DURHAM, N.H.— Hillary Clinton is making a strong pitch to women voters, but not all of them are buying.
On the eve of the New Hampshire primary, Bernie Sanders leads Clinton among female voters by 8 points, a large shift from the Iowa caucus, where Clinton led Sanders by 11 points in the same demographic.
Sanders' female supporters have been attacked by older, more established Democratic women. Feminist icon Gloria Steinrm suggested that young women were just supporting the Vermont senator because "the boys are with Bernie" and former Secretary of State Madeline Albright said that "there is a special place in hell for women who don't support other women."
While Clinton has the potential to make history by clinching the nomination, some younger women are not moved by appeals to gender solidarity.
"So I am a young woman and um, well, just to make one thing clear: I'm here because I support Bernie Sanders. I'm not here for the boys," actress and model Emily Ratajkowski told young voters at the University of New Hampshire Monday night as she introduced Sanders. "I want my first female president to be more than a symbol, I want her to have politics that can revolutionize."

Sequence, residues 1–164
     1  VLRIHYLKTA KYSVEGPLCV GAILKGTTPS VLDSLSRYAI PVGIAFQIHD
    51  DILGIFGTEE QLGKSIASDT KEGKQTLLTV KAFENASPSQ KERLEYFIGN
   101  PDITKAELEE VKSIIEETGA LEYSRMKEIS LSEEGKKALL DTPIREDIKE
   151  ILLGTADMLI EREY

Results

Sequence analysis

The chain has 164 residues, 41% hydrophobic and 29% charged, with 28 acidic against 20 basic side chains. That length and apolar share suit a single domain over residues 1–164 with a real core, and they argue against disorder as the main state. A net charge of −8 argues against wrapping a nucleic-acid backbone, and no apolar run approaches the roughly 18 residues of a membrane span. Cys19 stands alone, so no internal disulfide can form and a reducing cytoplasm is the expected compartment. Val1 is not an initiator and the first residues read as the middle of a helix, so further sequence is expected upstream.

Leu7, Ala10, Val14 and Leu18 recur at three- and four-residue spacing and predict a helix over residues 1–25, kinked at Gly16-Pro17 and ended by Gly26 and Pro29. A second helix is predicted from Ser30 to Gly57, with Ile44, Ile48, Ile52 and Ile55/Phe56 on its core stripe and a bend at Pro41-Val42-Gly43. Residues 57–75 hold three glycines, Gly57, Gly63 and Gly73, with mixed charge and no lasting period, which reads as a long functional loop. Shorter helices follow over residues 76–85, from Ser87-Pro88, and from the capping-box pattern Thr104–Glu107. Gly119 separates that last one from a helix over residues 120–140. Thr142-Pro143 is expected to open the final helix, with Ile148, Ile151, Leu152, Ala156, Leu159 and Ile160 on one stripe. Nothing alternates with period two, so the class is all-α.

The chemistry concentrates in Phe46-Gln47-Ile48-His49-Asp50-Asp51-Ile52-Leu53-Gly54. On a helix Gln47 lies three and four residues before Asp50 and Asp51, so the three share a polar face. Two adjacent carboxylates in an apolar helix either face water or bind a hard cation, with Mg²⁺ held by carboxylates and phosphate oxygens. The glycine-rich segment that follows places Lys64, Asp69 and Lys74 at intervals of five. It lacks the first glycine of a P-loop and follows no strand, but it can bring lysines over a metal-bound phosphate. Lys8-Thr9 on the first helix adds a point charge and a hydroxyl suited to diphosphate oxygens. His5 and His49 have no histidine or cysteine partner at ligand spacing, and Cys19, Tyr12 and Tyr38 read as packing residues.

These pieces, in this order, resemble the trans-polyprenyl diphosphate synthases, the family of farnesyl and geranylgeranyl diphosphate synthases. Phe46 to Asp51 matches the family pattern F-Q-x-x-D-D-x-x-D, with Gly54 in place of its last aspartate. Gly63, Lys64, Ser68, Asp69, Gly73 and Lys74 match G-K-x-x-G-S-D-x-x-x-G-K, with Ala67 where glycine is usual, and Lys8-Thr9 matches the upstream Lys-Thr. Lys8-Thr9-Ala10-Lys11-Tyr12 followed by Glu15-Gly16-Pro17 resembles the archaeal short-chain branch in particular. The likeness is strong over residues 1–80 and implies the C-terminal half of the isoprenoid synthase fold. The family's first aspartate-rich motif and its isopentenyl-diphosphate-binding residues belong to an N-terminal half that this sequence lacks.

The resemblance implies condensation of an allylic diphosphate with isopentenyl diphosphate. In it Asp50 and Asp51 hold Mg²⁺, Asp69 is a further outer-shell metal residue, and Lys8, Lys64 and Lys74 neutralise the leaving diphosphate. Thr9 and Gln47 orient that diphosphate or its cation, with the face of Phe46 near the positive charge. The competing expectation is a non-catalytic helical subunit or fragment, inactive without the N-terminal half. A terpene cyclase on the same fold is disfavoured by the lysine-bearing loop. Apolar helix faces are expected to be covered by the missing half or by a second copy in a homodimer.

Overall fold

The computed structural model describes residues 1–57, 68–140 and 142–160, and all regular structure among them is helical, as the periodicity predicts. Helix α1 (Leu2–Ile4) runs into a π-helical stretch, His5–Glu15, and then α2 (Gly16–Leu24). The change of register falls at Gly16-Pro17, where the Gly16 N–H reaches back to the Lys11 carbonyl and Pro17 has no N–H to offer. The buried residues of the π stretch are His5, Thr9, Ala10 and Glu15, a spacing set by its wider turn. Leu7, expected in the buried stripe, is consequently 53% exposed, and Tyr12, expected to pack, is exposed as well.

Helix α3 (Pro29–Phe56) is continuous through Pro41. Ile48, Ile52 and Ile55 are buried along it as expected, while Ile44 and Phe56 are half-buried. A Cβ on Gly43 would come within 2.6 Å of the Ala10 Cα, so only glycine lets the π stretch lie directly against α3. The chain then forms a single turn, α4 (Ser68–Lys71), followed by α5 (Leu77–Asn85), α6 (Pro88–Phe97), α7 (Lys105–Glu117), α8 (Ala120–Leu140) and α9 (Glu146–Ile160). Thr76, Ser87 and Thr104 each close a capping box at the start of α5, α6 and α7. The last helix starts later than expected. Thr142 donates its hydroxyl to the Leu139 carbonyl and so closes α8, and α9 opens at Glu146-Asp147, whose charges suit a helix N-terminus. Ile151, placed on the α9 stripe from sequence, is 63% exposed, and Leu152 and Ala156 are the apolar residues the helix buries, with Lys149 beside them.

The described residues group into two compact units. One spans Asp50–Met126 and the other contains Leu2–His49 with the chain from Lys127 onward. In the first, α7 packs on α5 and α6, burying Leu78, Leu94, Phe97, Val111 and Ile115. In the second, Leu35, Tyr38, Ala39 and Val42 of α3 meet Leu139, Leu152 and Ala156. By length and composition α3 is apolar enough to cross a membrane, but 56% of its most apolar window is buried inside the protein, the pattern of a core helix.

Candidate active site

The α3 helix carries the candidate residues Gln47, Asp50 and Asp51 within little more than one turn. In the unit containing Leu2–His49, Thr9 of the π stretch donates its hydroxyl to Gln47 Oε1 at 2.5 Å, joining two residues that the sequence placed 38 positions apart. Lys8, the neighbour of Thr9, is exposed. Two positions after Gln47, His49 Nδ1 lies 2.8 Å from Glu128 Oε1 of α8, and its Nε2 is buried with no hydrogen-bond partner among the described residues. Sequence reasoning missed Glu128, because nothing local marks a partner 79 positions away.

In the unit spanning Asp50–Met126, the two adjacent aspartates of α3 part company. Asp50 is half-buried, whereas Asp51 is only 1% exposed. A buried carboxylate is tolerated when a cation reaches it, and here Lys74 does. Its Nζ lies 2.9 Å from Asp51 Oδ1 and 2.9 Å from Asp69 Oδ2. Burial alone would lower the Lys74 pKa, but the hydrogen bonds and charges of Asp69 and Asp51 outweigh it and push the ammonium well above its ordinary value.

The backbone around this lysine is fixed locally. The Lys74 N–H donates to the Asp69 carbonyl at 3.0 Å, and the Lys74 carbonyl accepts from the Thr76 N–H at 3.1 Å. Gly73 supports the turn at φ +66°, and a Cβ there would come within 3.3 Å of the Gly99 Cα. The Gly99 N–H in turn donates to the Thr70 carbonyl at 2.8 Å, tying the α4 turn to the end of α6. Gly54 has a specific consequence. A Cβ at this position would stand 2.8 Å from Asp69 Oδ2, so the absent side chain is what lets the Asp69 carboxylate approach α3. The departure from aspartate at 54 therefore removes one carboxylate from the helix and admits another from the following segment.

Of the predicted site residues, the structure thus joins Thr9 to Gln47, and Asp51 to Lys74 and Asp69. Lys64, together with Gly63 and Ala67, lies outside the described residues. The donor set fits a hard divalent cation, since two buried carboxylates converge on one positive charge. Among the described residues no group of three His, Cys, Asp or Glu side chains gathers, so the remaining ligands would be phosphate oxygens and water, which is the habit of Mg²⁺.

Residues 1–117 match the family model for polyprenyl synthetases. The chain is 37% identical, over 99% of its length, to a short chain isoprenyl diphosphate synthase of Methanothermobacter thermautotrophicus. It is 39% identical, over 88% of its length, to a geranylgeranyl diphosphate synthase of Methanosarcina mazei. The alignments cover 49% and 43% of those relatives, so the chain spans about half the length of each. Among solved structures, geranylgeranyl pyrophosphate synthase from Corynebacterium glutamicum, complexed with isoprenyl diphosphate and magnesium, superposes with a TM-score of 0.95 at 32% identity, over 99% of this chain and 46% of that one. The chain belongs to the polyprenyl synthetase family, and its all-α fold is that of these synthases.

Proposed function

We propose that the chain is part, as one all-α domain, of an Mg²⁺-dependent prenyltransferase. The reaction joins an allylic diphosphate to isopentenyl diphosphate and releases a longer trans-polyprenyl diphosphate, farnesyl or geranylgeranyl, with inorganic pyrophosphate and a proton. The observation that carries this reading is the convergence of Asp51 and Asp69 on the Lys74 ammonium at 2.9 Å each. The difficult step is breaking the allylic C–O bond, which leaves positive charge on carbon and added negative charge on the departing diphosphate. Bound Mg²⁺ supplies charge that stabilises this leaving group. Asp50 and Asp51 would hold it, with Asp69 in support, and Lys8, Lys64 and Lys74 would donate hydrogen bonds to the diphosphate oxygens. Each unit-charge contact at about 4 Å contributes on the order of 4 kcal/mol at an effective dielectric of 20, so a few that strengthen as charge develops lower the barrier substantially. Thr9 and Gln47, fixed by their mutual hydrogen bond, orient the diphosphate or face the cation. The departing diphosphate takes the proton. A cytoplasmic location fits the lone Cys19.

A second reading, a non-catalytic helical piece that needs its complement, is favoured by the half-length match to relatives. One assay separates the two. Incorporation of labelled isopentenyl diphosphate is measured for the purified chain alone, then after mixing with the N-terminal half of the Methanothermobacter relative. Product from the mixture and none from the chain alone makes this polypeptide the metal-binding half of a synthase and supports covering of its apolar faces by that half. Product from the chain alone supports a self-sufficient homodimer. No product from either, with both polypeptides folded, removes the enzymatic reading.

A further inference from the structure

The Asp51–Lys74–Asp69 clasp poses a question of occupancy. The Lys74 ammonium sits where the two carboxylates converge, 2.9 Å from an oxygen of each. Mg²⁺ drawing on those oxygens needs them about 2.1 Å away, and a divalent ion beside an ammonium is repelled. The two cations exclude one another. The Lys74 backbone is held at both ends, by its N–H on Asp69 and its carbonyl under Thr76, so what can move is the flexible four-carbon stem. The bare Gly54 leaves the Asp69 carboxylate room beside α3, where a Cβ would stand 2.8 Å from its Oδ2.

The rally also included four alternative bands and was aimed to get young voters, one of Sanders' key demographics in the state, to make it out to the polls Tuesday. The rally was smaller then expected due to the late evening snowstorm that hit New Hampshire, yet a large number students turned up to feel the Bern.
Voters aged 18-29 supported Sanders in droves during the Iowa caucus, supporting him over Clinton 84-14. He's likely to do similarly well in New Hampshire. Across the state in Hudson Clinton held a rally where she slammed Sanders' healthcare policies.
"You have to have some 'identity' besides your own gender, I think its ridiculous to assume because you're a woman your sex creates your political identity. Its almost a form of sexism," Sanders supporter Jess King, age 22, told the Washington Examiner on Monday.
At Clinton rallies throughout the Granite State this past week, Gov. Maggie Hassan and Sen. Jeanne Shaheen have helped Clinton promote her "sisterhood of the travelling pantsuit.". Both Hassan and Shaheen emphasize the historical importance of electing a woman. While many older Clinton women voters see the former secretary of state as their best hope of seeing a woman president in their lifetime, younger women voters don't think she's their last chance.
"Clinton's okay but I like Bernie better," Sanders supporter and University of New Hampshire sophomore Cara Buccini told the Examiner. "There doesn't need to be a woman president right now, there's more potential for a women in the future."